Tag Archives: election

What will be in the white paper?

After what seems like an eternity, the adult social care funding White Paper will finally be published tomorrow. So what will be in it? Here is my bit of crystal ball gazing…

Firstly, it will lay out Labour’s plans for a National Care Service that provides clear national entitlements for everyone, rather than the current postcode lottery. This was first mentioned in last year’s green paper and the idea at least was widely welcomed. The White Paper should flesh out exactly what that might entail and the funding for it.

The free personal care at home policy will also be in there. This has been championed by Gordon Brown and there isn’t a chance it will be dropped now, although the timing of its introduction may be put back until after the election.

In terms of funding, I expect that a ‘partnership’ model – where the state pays a portion of care costs and the service user pays the remainder – will be proposed. In the debate over funding, this seems to have garnered the most support and is something of a ‘middle’ way – and less politically divisive than, say, putting a levy on the estate of every person.

That option is a non-starter because the Conservatives branded it the “Death Tax”. Leaving aside whether it is a good idea or not, the negative publicity already around it would make implementing it political suicide.

Funding will probably be the most controversial part of this; while it is widely accepted that the current adult social care system needs to change, funding it is the tricky bit. For instance, the free personal care at home policy has been consistently lambasted because nobody believes the government’s estimate that it will cost £670 million – some say it could be more than £1 billion.

In addition, setting up a National Care Service, and contributing to everyone’s care costs, will cost billions. In a time where government departments – including the Department of Health – are scrabbling around trying to save billions, you wonder where the money would come from.

And then there is the election. The white paper will probably become a large spoke of the election campaign, which will be a bad thing. As I’ve mentioned previously, cross-party consensus is needed if the best solution for the public is to be reached. With an election, and all the ‘our policies good, your policies bad’ mudslinging that comes with it, this is out of the question.

Of course, the election also means that the White Paper may come to nought if Labour is ousted from power. The Tories have suggested they may go for another consultation before they do anything. If there is a hung parliament, who knows what will happen to it?

So, with that in mind, tomorrow’s White Paper may make promises, but it is by no means certain that essential reform will come to the sector just yet.

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Small print reveals continuing costs of residential care

So, Conservative shadow health secretary Andrew Lansley has pointed out that the government’s plans for funding residential care doesn’t include the ‘hotel’ costs of it.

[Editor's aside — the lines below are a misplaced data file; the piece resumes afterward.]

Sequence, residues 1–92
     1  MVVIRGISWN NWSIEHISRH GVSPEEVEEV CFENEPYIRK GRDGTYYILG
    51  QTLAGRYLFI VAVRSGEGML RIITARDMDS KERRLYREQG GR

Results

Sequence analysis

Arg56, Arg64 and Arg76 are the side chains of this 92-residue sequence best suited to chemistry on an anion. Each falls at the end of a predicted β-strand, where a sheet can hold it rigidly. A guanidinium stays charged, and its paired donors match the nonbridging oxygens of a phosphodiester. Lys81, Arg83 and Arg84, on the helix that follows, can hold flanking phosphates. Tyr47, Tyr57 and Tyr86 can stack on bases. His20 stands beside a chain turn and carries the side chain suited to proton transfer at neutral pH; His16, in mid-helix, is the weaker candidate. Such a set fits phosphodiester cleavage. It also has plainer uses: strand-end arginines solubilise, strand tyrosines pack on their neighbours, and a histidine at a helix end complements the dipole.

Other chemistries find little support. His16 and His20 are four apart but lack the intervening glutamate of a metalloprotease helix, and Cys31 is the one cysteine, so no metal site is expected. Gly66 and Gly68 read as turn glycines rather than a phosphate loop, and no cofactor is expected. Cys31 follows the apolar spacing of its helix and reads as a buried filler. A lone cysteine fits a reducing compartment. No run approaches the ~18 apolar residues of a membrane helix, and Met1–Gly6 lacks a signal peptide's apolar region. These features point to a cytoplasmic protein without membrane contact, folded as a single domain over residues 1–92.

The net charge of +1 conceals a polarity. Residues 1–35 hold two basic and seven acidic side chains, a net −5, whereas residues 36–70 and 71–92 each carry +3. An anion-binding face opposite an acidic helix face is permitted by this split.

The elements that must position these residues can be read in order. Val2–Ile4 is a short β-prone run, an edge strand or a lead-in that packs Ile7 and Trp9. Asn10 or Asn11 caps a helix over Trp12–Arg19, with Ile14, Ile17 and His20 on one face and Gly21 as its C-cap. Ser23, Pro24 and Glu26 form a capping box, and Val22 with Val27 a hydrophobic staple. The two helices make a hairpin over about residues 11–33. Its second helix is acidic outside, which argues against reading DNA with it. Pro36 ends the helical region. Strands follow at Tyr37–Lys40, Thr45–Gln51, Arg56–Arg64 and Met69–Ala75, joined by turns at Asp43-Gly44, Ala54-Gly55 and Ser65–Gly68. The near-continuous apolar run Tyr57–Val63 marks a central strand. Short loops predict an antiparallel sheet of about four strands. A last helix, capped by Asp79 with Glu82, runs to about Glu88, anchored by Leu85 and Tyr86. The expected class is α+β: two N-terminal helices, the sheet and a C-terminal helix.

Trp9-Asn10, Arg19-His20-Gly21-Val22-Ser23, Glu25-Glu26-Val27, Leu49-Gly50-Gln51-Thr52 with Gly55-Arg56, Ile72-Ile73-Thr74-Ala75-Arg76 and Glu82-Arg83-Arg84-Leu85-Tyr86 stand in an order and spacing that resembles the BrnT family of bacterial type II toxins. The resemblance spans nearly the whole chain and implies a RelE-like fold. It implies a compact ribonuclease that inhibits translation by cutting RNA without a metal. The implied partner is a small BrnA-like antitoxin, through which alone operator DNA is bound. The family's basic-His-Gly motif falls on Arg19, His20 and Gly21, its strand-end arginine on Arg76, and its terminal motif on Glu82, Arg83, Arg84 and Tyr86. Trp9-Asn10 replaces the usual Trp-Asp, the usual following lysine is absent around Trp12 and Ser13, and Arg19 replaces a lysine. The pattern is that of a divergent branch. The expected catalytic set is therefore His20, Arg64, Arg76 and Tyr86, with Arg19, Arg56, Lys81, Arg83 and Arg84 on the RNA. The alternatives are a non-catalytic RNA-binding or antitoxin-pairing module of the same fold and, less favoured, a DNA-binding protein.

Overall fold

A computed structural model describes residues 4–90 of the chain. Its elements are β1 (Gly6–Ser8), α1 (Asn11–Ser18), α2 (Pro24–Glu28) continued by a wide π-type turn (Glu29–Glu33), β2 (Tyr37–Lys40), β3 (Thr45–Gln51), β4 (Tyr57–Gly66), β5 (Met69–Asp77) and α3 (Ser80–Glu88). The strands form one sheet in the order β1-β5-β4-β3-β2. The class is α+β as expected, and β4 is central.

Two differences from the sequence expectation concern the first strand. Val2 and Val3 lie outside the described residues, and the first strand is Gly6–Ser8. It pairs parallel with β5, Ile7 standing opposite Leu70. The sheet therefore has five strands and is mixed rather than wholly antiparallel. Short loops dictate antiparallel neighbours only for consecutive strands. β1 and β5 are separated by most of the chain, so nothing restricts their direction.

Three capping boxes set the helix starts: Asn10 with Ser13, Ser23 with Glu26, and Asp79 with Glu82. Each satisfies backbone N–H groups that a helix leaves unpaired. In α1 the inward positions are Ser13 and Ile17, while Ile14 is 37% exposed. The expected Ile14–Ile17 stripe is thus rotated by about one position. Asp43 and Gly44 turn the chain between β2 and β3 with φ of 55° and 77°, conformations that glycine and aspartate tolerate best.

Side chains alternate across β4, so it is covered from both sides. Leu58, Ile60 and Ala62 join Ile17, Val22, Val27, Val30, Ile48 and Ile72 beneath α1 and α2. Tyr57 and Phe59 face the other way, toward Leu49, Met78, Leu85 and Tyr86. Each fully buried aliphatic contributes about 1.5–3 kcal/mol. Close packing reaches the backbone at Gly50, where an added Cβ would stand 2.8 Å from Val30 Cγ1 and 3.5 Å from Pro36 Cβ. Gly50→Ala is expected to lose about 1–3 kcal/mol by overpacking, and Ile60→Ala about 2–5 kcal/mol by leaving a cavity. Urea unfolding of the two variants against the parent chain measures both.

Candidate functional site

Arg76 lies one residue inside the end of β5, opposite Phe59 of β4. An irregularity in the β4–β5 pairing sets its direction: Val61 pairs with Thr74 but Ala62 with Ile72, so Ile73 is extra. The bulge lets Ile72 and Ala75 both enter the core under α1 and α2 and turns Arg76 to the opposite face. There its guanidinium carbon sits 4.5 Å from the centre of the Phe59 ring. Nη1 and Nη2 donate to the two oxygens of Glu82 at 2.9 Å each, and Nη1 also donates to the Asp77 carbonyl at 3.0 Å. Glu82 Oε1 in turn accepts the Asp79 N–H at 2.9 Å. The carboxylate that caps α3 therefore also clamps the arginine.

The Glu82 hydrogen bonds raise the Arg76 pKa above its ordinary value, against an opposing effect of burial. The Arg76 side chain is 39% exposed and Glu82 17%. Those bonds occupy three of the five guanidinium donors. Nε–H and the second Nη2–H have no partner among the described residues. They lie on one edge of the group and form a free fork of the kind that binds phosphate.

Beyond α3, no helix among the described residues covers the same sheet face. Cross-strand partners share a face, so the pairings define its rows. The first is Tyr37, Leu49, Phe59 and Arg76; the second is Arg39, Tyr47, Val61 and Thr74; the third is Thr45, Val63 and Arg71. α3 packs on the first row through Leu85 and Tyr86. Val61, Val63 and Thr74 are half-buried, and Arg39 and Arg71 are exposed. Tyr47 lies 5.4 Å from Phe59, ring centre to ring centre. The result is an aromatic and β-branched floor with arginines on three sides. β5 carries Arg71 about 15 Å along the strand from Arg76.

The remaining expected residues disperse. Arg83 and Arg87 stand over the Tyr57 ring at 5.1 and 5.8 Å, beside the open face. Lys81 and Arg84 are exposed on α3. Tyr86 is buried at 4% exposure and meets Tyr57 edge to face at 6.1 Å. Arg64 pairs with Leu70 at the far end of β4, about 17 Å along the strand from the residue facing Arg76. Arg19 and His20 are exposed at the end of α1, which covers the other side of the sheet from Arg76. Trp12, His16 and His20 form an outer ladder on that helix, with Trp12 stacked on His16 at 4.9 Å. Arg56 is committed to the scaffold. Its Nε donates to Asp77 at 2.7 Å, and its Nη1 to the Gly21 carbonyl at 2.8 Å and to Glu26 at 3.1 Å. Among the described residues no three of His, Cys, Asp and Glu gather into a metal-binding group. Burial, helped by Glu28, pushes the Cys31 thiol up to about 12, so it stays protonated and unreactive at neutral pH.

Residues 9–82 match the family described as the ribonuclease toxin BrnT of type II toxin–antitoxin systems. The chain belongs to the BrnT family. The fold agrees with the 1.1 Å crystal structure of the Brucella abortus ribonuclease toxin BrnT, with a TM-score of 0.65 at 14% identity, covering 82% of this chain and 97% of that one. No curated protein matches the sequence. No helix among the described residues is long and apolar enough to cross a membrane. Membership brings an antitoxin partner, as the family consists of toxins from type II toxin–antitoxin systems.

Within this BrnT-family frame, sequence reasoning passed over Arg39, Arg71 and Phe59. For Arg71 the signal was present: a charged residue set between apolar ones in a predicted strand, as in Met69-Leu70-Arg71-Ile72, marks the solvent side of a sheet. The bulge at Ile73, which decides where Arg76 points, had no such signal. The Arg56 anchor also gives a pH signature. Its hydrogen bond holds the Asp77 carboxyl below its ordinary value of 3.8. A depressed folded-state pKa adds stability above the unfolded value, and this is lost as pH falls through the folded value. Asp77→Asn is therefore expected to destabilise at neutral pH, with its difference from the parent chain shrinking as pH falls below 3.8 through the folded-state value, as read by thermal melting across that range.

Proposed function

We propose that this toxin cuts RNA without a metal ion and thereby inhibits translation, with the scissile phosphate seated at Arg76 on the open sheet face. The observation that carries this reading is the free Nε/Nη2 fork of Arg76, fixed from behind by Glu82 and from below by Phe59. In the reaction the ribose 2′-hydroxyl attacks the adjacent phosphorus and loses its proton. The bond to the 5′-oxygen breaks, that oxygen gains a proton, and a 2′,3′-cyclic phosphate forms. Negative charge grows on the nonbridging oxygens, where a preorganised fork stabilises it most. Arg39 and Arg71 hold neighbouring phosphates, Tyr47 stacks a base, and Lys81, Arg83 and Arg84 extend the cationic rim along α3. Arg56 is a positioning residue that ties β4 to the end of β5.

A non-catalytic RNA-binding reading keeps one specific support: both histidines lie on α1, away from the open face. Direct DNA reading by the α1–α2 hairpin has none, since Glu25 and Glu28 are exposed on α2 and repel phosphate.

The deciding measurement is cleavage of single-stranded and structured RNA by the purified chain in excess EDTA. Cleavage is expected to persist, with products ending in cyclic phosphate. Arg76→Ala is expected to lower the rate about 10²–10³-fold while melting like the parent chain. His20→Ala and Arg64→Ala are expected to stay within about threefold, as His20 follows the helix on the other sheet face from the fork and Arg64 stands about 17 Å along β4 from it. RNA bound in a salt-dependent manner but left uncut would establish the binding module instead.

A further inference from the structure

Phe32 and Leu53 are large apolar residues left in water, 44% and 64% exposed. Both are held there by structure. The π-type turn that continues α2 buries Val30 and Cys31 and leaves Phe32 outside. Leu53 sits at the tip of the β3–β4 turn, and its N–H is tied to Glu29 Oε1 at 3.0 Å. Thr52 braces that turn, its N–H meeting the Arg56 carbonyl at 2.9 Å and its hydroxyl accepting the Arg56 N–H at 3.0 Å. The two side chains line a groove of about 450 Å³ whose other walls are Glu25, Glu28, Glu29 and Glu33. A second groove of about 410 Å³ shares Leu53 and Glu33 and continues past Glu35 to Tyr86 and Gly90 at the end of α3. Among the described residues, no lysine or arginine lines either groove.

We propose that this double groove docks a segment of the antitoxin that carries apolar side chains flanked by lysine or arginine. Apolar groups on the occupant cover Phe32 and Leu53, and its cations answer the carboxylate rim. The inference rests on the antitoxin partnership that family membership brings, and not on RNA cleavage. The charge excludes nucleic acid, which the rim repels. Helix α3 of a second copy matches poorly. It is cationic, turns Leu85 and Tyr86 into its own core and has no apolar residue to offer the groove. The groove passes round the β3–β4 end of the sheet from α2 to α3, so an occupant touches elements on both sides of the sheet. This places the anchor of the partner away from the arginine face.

For those of us that have followed this closely, this is not a revelation. This debate is about paying for care – board and lodging doesn’t come into it. When the green paper on adult social care funding was released last June, some people in social care pointed out that the proposals wouldn’t mark the end of people having to sell their house to pay for care. Interestingly, at the time, this was largely ignored.

Even in Scotland people in residential care have to pay ‘hotel’ costs – something which isn’t pointed out as often as it should be when people in England moan about ‘free’ care north of the border – and older people do still in some cases have to sell their house to pay for it.

But with the government set to shelve plans for the “Death Tax” this week, according to the Guardian, this seems to be the latest attempt to derail plans for reform.

Again, Lansley seems to be at the heart of this. While this smacks of another attempt at cheap political points-scoring ahead of the looming election, it does raise (albeit in a not-too-helpful way) a legitimate point.

One of the aims of any reform of adult social care funding, according to government messages when the green paper came out, is to eliminate people having to sell their homes. The options listed in the paper didn’t seem to do that.

It is still a problem – many voters see the practice as unfair and penalising those who have worked to own their own homes and leave an inheritance – and if it isn’t addressed many will see any white paper as a failure.

However, the green paper was only a consultation, and the white paper – apparently coming this week – may have a solution. We shall wait and see – and expect Labour’s opponents to seize upon it if it doesn’t.

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Blown consensus = blown chances?

So near. And yet, so far. 

In my previous blog, I wrote about how any chance of serious debate about social care and how it is funded has gone, since the Conservatives launched its “Death Tax” poster campaign.

But since then, more has emerged about what was happening behind the scenes before that, and it makes for interesting reading.

I’ve blogged before about how consensus is needed on the future direction and funding of social care and for a while it seems as if the health secretaries of the 3 main political parties had had the same idea.